Drivers in Pittsburgh — no, the one in Missouri — get some shiny new sharrows as a reminder to share the road with people on bicycles.

I want to be like her, too. An 80-year old Minnesota woman just rode 800 miles traveling to Wyoming and back. And has ridden 25,000 miles since she turned 60.

A woman who uses her bike as her primary means of transportation will be walking for awhile, after it was stolen from a badly installed bike rack at a Massachusetts Bay Transportation Association train station. To which the transit agency responded, that’s not our problem.

Once again, a bicyclist has been critically injured in the battle for space in New York’s Central Park, as a 60-year old woman went over her handlebars trying to avoid a pedestrian. And yes, she was wearing a helmet. And no, it didn’t save her.

Speaking of helmets, New York Council Speaker Dave Carlin politely shut down a reporter from an anti-bike TV Gotham station who insisted bike riders are dangerous and suggested bike helmets should be mandatory.

Once again, New York shows Los Angeles how it’s done, presenting a plan that would add 50 miles of protected bike lanes every year, along with another 30 miles of bus lanes. That compares somewhat favorably with LA’s complete and total lack of commitment for either one.

Streetsblog wants to know when will New York accept that bikeshare has become a vital form of transit, and finally begin subsiding it.

DHL is dropping their standard delivery trucks in favor of cube-like delivery bikes, after losing a wheel to qualify as bicycles under New York law.

A DC father says he’s not taking his kid to school in his cargo bike anymore, thanks to a “perfect storm of road rage, reckless driving, terrible street design, and total lack of any kind of recourse” after being chased down the street for several blocks by a horn-honking dump truck driver.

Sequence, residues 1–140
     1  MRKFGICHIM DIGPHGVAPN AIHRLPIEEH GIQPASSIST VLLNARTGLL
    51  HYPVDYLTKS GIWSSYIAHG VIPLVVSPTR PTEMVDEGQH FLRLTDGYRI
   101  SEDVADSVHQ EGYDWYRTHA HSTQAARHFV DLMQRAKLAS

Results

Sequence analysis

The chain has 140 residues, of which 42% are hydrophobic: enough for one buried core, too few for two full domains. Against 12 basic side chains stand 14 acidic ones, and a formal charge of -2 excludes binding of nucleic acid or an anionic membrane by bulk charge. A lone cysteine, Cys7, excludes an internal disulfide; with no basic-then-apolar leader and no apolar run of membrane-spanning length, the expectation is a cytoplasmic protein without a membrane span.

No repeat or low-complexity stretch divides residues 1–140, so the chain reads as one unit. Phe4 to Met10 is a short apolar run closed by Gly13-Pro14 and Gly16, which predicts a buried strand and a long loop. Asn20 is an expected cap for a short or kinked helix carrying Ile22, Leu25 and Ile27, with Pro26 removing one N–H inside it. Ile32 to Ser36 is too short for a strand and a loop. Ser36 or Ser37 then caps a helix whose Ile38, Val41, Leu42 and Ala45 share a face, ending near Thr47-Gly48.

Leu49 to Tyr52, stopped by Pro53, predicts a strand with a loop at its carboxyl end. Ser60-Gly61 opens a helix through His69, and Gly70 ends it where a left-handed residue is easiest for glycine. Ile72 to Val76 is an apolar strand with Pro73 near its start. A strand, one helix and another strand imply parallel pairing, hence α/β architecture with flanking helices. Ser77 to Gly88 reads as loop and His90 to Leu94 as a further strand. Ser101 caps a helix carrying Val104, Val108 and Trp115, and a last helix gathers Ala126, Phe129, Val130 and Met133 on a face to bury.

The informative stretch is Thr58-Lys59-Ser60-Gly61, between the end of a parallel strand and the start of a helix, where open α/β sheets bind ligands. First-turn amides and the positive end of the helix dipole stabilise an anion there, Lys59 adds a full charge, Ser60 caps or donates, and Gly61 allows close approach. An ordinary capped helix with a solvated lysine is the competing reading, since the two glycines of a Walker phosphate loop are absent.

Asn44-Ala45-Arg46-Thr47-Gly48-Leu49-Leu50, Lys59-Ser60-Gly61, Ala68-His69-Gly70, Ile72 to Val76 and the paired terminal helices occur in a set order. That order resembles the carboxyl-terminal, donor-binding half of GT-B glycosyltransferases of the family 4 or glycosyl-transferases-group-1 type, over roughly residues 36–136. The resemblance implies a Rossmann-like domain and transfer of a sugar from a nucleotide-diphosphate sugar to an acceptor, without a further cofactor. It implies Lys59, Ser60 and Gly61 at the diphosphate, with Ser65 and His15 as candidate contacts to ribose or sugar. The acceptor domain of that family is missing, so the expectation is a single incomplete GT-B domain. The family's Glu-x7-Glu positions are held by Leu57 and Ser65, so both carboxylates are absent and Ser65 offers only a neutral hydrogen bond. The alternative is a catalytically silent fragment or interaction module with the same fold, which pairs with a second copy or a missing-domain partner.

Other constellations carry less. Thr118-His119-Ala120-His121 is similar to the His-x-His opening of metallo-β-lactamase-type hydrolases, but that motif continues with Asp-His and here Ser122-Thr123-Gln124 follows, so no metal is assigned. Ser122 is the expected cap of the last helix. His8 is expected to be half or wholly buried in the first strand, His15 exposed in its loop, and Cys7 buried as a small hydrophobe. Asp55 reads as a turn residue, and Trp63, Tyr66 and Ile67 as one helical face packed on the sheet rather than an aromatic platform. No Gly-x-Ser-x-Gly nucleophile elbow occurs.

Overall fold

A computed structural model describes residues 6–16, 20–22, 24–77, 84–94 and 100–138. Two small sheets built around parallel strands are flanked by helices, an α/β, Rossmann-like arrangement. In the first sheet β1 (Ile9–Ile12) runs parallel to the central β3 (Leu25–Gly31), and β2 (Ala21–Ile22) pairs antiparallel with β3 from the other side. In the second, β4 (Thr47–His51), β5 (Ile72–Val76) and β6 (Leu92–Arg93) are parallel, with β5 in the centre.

There’s a special place in hell for whoever stole a three-wheeled bike from a Georgia Tech student, who’s suffered from mobility issues since he was hit by a car when he was five years old; kindhearted campus cops are trying to get him a new one. And remember him the next time someone says handicapped people can’t ride bikes.

 

International

Thought provoking piece from Forbes‘ Carlton Reid, who says Apple’s coming Tag chip could help you find your stolen bike and keep autonomous cars from running over your ass — as long as you can afford a new iPhone and subscription service. And could lead to the dystopian Big Brother future the company promised to smash.

Not surprisingly, London police catch a little blowback when their bike cops tweet that half of their tickets go to scofflaw bicyclists.

A London sociologist says as bicycling becomes more popular and more people compete for road space, the city must take steps to make riders feel safer on the streets.

A new British ebike folds in less than ten seconds.

Italian bikemaker Bianchi recognizes that an road ebike doesn’t have to look like one. Or feel like one, for that matter.

Students in Mombasa, Kenya have to ride across dangerous roads with no bike lanes just to get to class.

Malaysian teenagers freak out drivers by doing the full superman pose on custom chopped bicycles while riding on a major highway.

https://twitter.com/Thehulkey/status/1172461714345906176?ref_src=twsrc%5Etfw%7Ctwcamp%5Etweetembed%7Ctwterm%5E1172461714345906176&ref_url=https%3A%2F%2Fwww.malaymail.com%2Fnews%2Flife%2F2019%2F09%2F17%2Fwannabe-rempit-kids-take-joyride-with-modified-bicycles-on-plus-highway-vid%2F1791323

 

Competitive Cycling

Very disturbing news for long time bike racing fans, as 70-year old Michael Aisner, former race director of the legendary Coors Classic, has been arrested for secretly recording men showering after renting out his Boulder CO home.

So that’s what pro cyclists keep in their jersey pockets. Spanish cyclist Jesus Ezquerra finished the final stage of the Vuelta with one more fiancé than he had at the beginning of the stage.

https://twitter.com/Eurosport_UK/status/1173279110380081152?ref_src=twsrc%5Etfw%7Ctwcamp%5Etweetembed%7Ctwterm%5E1173279110380081152&ref_url=https%3A%2F%2Fthebiglead.com%2F2019%2F09%2F17%2Fla-vuelta-proposal-cycling-jesus-ezquerra%2F

 

Finally…

Who needs Amazon when you’ve got your own private library in a cargo bike castle full of books? Presenting the love child of an ebike and a scooter, or maybe a scooter with pedals.